Finding Ourselves in the Pages of History: SFCJL in the Archives of the J.

What a gift to discover – 150 years of history in J. Weekly’s new digital archives. As the paper’s editor encouraged its readers, we searched for our own name in the archives. We found dozens of news stories about the San Francisco Campus for Jewish Living (SFCJL), and Jewish Home, and Hebrew Home for Aged Disabled, and Pacific Hebrew Orphan Asylum and Home Society—all names we have gone by in our organization’s 150-year history. The archives illustrate just how deeply connected our history is to that of Jewish San Francisco.

Here are some of our favorite stories:


On the occasion of the dedication of our new Koret Center, an article entitled ‘How We Have Grown!’ gave a richly detailed history of our organization and its founding in 1871:

Yellowed and withering documents have been discovered authenticating the fact that the Jewish Home for the Aged was actually founded during the 1870’s. Its history was obscured for many years by the loss of invaluable records in the disastrous San Francisco Earthquake and Fire of 1906, and by a curious confusion in the overlap of two founding organizations which eventually merged as one in 1919.

As the article goes on to explain, from our origins as the Pacific Hebrew Orphan Asylum and Home Society (part of which continues to champion the cause of child welfare in San Francisco today), we would embark on a 150-year journey to serve elders in our community and innovate medical, rehabilitative, and social care for older adults.


The earliest mention of the Hebrew Home for Aged Disabled was in 1896, an announcement of the organization’s annual meeting, in the eighth published issue of Emanu-El:


A City News column from 1907 recounts Chanukah festivities:

…the first day of Chanukah was celebrated amidst merriment and rejoicing. Miss E. Martin assisted by Mrs. C. Klinger planned an excellent musical and literary program which gladdened and delighted the “aged inmates.” The “old people” were served with refreshments by the talented guests and the enjoyable afternoon concluded with appropriate remarks by President Samuel Pollack.


Numerous articles from 1920 to 1923 charted the path toward the Hebrew Home for the Aged Disabled opening its impressive new facility on Silver Avenue, including Home Superintendent Gustave Schnee’s article describing the new building with its various rooms—physicians offices, solariums, lounging rooms, kitchens, and more—and the services provided within:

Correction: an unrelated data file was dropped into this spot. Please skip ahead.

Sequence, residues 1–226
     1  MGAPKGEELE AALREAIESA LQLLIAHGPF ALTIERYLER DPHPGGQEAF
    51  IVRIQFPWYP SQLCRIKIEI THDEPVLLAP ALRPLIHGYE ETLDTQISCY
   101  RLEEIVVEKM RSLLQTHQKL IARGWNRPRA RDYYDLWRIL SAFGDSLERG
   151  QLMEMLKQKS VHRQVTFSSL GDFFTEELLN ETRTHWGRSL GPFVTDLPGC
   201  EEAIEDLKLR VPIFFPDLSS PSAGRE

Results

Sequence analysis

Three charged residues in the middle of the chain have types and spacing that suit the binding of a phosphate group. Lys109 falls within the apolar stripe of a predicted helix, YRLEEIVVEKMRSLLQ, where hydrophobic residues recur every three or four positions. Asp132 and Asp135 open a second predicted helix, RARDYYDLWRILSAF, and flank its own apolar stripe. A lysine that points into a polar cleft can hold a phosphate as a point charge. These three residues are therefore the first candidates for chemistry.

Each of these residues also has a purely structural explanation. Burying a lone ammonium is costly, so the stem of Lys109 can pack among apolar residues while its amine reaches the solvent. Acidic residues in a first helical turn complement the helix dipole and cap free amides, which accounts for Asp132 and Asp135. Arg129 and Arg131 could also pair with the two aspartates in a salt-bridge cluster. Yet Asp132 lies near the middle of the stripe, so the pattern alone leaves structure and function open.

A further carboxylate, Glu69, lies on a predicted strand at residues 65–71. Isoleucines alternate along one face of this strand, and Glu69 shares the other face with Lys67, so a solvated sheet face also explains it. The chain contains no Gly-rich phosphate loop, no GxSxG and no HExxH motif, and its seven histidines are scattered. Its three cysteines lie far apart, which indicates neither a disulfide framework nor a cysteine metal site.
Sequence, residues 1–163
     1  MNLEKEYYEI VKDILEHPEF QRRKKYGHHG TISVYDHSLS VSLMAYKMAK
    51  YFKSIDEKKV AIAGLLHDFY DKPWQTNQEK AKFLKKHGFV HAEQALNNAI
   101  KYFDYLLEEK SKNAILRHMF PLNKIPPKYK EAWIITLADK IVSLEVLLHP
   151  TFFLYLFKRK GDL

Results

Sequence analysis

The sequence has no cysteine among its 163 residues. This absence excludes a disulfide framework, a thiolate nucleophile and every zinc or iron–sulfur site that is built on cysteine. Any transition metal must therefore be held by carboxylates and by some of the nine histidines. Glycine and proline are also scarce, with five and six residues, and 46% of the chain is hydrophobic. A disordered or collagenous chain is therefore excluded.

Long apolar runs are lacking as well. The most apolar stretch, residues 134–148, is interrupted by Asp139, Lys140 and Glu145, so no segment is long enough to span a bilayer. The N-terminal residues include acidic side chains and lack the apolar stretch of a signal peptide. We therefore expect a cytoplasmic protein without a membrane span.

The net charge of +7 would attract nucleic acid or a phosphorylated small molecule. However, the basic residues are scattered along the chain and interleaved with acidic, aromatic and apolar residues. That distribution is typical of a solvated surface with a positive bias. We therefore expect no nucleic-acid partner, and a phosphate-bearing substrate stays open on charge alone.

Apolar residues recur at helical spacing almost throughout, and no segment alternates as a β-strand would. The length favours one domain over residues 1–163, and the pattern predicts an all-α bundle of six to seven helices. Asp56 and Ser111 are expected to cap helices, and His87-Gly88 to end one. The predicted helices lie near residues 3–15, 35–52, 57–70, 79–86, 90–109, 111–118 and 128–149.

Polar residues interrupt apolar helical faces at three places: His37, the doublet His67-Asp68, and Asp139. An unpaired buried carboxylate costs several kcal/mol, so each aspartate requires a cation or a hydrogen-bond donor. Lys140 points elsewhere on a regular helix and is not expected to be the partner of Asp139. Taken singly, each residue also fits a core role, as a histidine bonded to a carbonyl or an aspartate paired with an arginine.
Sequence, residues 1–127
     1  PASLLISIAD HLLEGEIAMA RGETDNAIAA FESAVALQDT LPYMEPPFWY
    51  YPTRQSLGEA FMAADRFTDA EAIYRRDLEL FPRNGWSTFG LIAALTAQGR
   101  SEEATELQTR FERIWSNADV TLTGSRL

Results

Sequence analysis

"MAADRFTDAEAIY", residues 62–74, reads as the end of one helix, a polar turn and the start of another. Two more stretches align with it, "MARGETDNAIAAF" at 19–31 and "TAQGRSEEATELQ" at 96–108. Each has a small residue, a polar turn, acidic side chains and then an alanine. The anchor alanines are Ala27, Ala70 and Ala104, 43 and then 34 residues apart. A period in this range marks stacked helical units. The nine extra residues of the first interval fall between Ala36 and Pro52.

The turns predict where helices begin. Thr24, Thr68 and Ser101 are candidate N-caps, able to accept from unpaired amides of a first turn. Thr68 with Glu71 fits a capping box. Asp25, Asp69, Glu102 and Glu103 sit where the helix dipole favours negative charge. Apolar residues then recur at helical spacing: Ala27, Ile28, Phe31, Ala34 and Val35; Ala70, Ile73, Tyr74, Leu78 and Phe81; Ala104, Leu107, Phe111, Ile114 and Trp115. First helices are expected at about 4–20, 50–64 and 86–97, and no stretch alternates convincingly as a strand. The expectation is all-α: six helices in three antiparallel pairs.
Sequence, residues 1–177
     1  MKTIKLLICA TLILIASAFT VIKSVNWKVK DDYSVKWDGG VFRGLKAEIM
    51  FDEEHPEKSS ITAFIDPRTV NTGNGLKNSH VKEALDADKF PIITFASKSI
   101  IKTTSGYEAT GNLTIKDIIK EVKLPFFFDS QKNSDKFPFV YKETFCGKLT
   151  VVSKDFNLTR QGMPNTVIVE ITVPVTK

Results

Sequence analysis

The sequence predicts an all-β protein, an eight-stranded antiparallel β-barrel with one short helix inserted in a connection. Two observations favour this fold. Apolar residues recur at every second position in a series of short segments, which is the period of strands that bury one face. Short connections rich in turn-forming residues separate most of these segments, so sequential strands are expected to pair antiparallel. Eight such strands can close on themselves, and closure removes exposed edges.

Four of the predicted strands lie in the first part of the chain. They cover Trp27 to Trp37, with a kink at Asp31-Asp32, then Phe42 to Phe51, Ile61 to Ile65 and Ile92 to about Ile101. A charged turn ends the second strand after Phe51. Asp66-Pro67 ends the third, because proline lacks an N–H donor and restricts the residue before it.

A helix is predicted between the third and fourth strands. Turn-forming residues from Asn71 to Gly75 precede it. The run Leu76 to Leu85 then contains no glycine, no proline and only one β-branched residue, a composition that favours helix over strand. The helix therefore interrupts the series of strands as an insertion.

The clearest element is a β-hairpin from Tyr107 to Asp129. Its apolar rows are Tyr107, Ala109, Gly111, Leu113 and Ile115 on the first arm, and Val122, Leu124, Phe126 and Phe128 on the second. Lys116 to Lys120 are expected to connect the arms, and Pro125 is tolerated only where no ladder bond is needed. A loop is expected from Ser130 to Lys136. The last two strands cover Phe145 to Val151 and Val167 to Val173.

Everything conducive to the comfort and welfare of the [residents] was introduced, an auditorium wherein entertainments for their pleasure can be given, a beautiful synagogue where the “eternal light” will kindle their devotional fealty and spacious grounds where they can commune with nature. The location is one that is easily accessible, so that the friends and relatives of the [residents] can readily visit them, and when the grounds surrounding the home are properly developed the institution will be second to none in the United States, and one that the Jewish community can very well be proud of.


In the article, ‘This Is What Your Dollars Do,’ Barbara Levy describes how donor generosity makes it possible for a “modern home for the aged” to provide care in a “home-like atmosphere:”

Putting the “home” into the Hebrew Home for the Aged Disabled is the primary consideration of its staff and executives. Caring for a capacity load of 207 residents a month —half of them in the infirmary section—this Jewish Welfare Federation agency is not merely concerned with feeding, housing and giving medical and nursing care to the senior citizens. The Home’s philosophy is to get as many oldsters as possible out of bed and back into the mainstream of life, get them to be independent and self sufficient, enable them to enjoy the “golden years.”

Our Values, Through History

Over the years, the paper would cover items as varied as accounts of Jewish Home holiday celebrations in its social column to announcements of campus expansion and the construction of new buildings, and articles about our “distinguished record” bringing “dignity to old age.”

Notable names written in the many volumes of SFCJL’s Tribute Book—a chronicle of donor generosity going back to the early 1900s—are frequently found among the notices of b’nai mitzvahs, social gatherings, business ventures, and charitable endeavors in decades of pages of the J.

The stories of SFCJL uncovered in the archives are a chronicle of how senior care has evolved over the last century, and a testament to that which is unchanged—SFCJL’s deep commitment to older adults’ dignity, wellbeing and sense of self and belonging. Our dedication to enriching the quality of life of older adults is fundamental to who we’ve always been.

Finding that self in the pages of history is a delightful reminder.